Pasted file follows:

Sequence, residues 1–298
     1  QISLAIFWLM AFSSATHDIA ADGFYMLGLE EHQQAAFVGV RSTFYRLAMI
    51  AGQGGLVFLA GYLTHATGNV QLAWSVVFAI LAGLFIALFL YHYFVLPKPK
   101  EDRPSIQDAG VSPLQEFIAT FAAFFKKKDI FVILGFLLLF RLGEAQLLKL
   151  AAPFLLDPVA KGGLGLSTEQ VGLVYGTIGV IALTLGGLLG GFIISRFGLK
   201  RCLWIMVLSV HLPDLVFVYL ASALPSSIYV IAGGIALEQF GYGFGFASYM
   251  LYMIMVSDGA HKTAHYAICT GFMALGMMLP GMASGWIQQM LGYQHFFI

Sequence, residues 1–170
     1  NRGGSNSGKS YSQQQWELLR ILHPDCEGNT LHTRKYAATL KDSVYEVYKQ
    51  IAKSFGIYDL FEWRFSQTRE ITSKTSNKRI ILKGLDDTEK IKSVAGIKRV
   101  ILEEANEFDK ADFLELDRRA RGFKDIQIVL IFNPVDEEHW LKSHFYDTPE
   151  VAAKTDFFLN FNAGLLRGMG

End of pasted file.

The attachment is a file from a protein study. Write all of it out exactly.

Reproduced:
Sequence, residues 1–298
     1  QISLAIFWLM AFSSATHDIA ADGFYMLGLE EHQQAAFVGV RSTFYRLAMI
    51  AGQGGLVFLA GYLTHATGNV QLAWSVVFAI LAGLFIALFL YHYFVLPKPK
   101  EDRPSIQDAG VSPLQEFIAT FAAFFKKKDI FVILGFLLLF RLGEAQLLKL
   151  AAPFLLDPVA KGGLGLSTEQ VGLVYGTIGV IALTLGGLLG GFIISRFGLK
   201  RCLWIMVLSV HLPDLVFVYL ASALPSSIYV IAGGIALEQF GYGFGFASYM
   251  LYMIMVSDGA HKTAHYAICT GFMALGMMLP GMASGWIQQM LGYQHFFI

Sequence, residues 1–170
     1  NRGGSNSGKS YSQQQWELLR ILHPDCEGNT LHTRKYAATL KDSVYEVYKQ
    51  IAKSFGIYDL FEWRFSQTRE ITSKTSNKRI ILKGLDDTEK IKSVAGIKRV
   101  ILEEANEFDK ADFLELDRRA RGFKDIQIVL IFNPVDEEHW LKSHFYDTPE
   151  VAAKTDFFLN FNAGLLRGMG